September 18, 2013
Julie is 15 years old. She’s just returned to school after missing two weeks to receive treatment for wanting to harm herself by taking too much of an antibiotic that she found in her grandparents’ house. She was diagnosed with depression, spent about 10 days in the hospital, and is now back in school with regular visits to a doctor for both therapy and medications. A day or two upon returning to tenth grade, she overhears some other students talking about why she was out of school. One student whispers to the other:
“I heard she was mentally ill.”
What a strange term.
If someone has heart disease, he’s not talked about in whispers behind half-closed doors. No one quietly says “Sam has cardiac illness,” as if admitting to some kind of shameful aspect of Sam’s life.
But with Julie, when pushed to explain a series of absences from school, we might say that she suffers from “mental illness.” This begs all sorts of interesting questions: Why should the term mental illness be stigmatized? Is it as stigmatized as it was, say, 20 years ago? And, why do we go out of our way to clarify that an illness is “mental?” If Julie missed school because of a car accident, no one would hesitate to explain what had happened; what is it about “mental illness” that leads to different rules?
Let’s start by asking something even more basic: What is mental illness, or, more specifically, what do we mean when we say that someone is mentally ill?
It may surprise you to know that there is no set definition for mental illness. Clinicians have taken oaths to relieve suffering, and since people who experience mental illness undoubtedly suffer, mental illness therefore falls under the purview of ailments that we are bound as a culture to do our best to heal. To that end, mental illness can be defined as any kind of suffering that is expressed as maladaptive behaviors in a consistently predictable course. The National Alliance for the Mentally Ill (NAMI), a leading advocacy group for those suffering from psychiatric illness, defines mental illness as:
“…a medical condition that disrupts a person’s thinking, feeling, mood, and ability to relate to others and daily functioning.” (http://www.nami.org/template.cfm?section=By_Illness).
That’s a pretty good definition. It tells you that thoughts, feelings and mood are affected; it stresses that this is a medical condition; and, perhaps most importantly, it points out that these disruptions affect both interpersonal relations and day-to-day functioning. The NAMI website goes on to note that some clinicians might separate serious mental illnesses from less serious mental challenges. For example, psychotic disorders, characterized by the inability to accurately discern reality, would be considered serious mental illnesses. Anxiety disorders, characterized by a greater-than-reasonable level of anxiety during everyday tasks, might be considered less serious. However, these distinctions don’t always make much sense; anxiety itself can be pretty awful, and some psychotic symptoms are, surprisingly, not all that troublesome.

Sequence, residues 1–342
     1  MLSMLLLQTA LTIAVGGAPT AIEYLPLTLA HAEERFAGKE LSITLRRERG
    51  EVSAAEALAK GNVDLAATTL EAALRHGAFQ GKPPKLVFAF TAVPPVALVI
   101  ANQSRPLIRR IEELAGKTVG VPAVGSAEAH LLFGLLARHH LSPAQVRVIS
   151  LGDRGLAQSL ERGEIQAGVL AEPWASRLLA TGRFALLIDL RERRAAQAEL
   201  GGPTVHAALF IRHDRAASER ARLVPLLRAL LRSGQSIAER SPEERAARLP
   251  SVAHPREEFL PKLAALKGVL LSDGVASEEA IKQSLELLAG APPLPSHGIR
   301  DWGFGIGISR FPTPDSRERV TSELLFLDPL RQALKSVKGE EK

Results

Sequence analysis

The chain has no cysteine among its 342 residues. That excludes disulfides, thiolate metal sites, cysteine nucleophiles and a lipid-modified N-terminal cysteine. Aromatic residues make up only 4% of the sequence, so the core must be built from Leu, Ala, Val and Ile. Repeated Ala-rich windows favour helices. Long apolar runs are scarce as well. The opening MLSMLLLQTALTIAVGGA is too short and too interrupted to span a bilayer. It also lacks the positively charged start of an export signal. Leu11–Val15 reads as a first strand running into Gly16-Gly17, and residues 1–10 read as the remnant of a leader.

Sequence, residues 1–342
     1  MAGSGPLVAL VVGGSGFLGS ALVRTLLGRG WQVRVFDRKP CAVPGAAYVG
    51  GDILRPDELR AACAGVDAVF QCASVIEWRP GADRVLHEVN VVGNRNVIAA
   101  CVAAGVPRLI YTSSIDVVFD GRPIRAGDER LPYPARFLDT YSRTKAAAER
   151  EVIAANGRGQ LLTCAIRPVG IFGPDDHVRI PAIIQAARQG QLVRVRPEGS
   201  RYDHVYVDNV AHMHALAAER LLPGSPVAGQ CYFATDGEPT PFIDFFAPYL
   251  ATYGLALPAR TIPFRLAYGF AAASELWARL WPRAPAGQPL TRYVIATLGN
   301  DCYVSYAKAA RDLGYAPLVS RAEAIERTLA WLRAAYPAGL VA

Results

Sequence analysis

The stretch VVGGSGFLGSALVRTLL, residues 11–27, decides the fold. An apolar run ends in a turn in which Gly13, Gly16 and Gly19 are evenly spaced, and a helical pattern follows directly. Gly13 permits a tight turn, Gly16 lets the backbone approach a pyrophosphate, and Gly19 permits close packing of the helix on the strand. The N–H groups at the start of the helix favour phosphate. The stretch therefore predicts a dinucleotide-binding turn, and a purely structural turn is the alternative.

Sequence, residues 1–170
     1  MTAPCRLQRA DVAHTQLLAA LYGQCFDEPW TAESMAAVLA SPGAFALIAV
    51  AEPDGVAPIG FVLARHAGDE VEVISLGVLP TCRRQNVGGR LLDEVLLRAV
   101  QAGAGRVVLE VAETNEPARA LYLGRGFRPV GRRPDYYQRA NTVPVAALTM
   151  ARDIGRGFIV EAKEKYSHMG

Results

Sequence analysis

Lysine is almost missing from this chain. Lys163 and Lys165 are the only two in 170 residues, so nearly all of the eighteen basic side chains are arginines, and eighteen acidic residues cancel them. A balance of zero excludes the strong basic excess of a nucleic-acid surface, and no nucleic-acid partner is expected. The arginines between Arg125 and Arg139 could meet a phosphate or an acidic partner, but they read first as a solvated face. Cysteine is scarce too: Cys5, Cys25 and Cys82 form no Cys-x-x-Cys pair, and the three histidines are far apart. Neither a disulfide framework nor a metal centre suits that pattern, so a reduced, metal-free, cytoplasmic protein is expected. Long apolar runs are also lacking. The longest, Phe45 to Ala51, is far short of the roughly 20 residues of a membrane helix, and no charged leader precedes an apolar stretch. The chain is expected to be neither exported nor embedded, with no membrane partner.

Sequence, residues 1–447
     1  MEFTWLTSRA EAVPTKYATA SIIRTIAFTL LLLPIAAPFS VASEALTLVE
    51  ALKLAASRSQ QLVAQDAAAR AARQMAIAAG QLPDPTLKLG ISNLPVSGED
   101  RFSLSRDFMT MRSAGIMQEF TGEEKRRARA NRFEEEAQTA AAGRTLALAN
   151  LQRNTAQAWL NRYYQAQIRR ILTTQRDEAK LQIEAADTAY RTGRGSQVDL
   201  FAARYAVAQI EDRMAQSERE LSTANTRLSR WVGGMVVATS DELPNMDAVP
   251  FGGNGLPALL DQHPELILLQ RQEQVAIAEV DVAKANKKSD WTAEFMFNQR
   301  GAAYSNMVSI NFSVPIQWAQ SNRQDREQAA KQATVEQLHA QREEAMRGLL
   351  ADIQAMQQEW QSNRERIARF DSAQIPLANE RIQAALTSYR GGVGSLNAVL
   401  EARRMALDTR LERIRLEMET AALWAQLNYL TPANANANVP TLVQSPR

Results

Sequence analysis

So, if you suspect that your child has a mental illness, here’s the good news: these medical problems are very, very treatable. In fact, some of the stigma from years past may not only have been due to the fact that people with mental illness can act differently, but also because there was less that we could do to help those who were suffering.
Now, however, we have an impressive array of effective treatments. We treat mental illness with talk therapies, with medications, with hospitalizations, and in some cases, with all of the above.
Here are some ways to get care for your child if you think that a psychiatric, or mental, illness may be a problem:
Remember, these are treatable illnesses. Making someone better has huge implications for child development. While it’s true that we do not know in detail the downstream effects on the brain of some of our medications and psychotherapies, we know very well the effects of leaving pediatric psychiatric illness untreated—children do worse in school, suffer socially, have more non-psychiatric illnesses, and in some cases, feel deeply ashamed and even suicidal.
So—what is mental illness?
It is treatable. That’s probably the best and most important part of the definition.